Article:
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Nixon declares love of dogs, judges and historic tax credits

This article first appeared in the St. Louis Beacon, April 9, 2009 - While his wife affectionately stroked a so-far-homeless puppy named Truman on the sidelines, Gov. Jay Nixon declared his commitment Thursday to enforcing Missouri's existing laws governing pet breeders.

Nixon and state Agriculture Secretary Jon Hagler were in town promoting "Operation Bark Alert." Both cited the recent rescue of 1,300 dogs as evidence of their effort to make life intolerable for the state's unlicensed dog breeders.

"There's far too many unlicensed dog breeders in the state'' who are unfairly harming the livelihoods of legitimate licensed breeders, Nixon said.

Said Hagler, "We will lead the nation on cracking down on unlicensed breeders."

The setting was the St. Louis operation of the Humane Society of Missouri, 1201 Macklind Avenue. Nixon, Hagler and the governor's wife, Georganne Nixon, first toured the complex and observed the work of employees and volunteers to make life more comfortable for the dogs, cats and other discarded pets in their care.

The governor noted that his family has one dog, a spaniel named Daniel Boone, and quipped at one point that he had to speedily complete his visit before his wife adopted another one (referring to Truman, who was resting quietly in her arms).

Still, the event wasn't all soft and fuzzy. During the news conference afterwards, Nixon and Hagler took quite a grilling from Associated Press writer Cheryl Wittenauer, who peppered them with a series of questions of what else they might do to improve Missouri's dog-breeding climate.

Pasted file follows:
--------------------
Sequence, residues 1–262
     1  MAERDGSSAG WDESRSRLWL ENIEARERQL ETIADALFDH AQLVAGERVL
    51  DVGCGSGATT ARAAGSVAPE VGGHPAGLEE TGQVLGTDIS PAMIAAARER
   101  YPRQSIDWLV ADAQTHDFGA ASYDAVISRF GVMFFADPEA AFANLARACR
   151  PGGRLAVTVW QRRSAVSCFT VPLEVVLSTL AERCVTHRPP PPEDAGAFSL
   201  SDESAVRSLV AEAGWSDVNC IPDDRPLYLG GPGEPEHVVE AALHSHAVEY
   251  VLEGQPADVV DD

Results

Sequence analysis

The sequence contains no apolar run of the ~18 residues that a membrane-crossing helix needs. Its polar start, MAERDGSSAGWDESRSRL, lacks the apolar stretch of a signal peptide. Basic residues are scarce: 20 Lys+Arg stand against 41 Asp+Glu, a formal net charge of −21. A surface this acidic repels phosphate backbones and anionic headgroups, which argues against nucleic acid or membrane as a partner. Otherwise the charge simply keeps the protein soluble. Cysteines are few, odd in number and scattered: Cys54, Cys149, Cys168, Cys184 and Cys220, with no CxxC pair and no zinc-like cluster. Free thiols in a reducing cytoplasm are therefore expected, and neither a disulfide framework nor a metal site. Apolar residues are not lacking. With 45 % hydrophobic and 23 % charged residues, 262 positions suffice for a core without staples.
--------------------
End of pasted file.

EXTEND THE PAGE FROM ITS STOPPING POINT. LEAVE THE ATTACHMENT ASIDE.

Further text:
(Wittenauer wrote a detailed story earlier this week on Missouri's puppy-mill problem.)

Wittenauer held up documents she'd obtained that show most of the 1,300 "rescued'' dogs didn't end up in rescue facilities, but were re-auctioned to other dealers -- including some deemed not-so-great.

In response to her questions, Nixon said he had no plans to increase Missouri's license fees for breeders -- now among the lowest in the country -- or to ask the Legislature to pass other laws targeting Missouri's longstanding illicit puppy mill industry. The current economic environment wouldn't allow that, he said.

Then on to other topics:

-- Nixon declared his support for Missouri's historic tax credits, under fire from some legislators who want to reduce the amount the state hands out. The governor declared the credits "have revitalized'' neighborhoods and business districts in various cities, singling out St. Louis, Kansas City and Springfield, Mo.

Referring to the nation's troubled economy, Nixon said, "I don't think now is the time to back off of that."

-- Nixon reaffirmed his opposition to AmerenUE's bill that would allow it to increase utility bills to help foot the financing costs for a proposed new nuclear plant. He called it "too heavy a lift'' to increase consumers' bills during troubled economic times.

At the same time, the governor reaffirmed his call for the utility to try to seek a license for a new nuclear plant.

-- Nixon also underscored his support of the state's current judicial-selection process for choosing judges, known as the non-partisan Missouri Plan. The Missouri House has approved a proposal to ask voters to change the plan to give the governor and the Senate more power in the process, and curb that of the Missouri Bar.

Nixon, a lawyer and former attorney general, said he'd been pleased so far with the three-nominee panels that he'd been presented so far, from which to select a new judge. All the nominees appeared "highly capable and competent.''

Referring to the state's judges in general, Nixon added, "I don't sit here thinking that branch of government is broken."

Jo Mannies has been covering Missouri politics and government for almost four decades, much of that time as a reporter and columnist at the St. Louis Post-Dispatch. She was the first woman to cover St. Louis City Hall, was the newspaper’s second woman sportswriter in its history, and spent four years in the Post-Dispatch Washington Bureau. She joined the St. Louis Beacon in 2009. She has won several local, regional and national awards, and has covered every president since Jimmy Carter. She scared fellow first-graders in the late 1950s when she showed them how close Alaska was to Russia and met Richard M. Nixon when she was in high school. She graduated from Valparaiso University in northwest Indiana, and was the daughter of a high school basketball coach. She is married and has two grown children, both lawyers. She’s a history and movie buff, cultivates a massive flower garden, and bakes banana bread regularly for her colleagues.

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